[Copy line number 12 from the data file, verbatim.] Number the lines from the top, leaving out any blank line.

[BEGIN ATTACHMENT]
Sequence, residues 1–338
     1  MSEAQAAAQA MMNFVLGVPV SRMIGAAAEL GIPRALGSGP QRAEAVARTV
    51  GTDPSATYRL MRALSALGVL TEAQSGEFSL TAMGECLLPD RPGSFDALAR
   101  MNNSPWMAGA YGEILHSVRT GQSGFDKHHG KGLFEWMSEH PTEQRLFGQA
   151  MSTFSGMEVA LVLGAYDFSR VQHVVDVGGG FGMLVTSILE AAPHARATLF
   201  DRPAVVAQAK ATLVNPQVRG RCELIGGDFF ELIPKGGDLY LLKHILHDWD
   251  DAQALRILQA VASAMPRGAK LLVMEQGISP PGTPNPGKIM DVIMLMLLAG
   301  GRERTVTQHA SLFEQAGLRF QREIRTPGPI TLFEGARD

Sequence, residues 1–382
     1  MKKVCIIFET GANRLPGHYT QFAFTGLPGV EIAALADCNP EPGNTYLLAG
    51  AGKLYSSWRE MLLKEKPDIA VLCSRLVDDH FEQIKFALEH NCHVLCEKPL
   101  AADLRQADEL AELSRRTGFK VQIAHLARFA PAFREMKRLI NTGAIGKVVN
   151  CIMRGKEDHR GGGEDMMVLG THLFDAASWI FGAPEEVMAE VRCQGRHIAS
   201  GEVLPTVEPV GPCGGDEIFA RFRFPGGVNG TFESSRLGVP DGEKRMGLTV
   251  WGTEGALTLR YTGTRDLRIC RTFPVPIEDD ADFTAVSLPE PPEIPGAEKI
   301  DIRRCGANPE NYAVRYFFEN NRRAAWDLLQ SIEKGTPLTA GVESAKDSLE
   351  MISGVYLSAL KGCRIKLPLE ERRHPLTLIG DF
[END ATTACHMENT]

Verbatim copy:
   101  AADLRQADEL AELSRRTGFK VQIAHLARFA PAFREMKRLI NTGAIGKVVN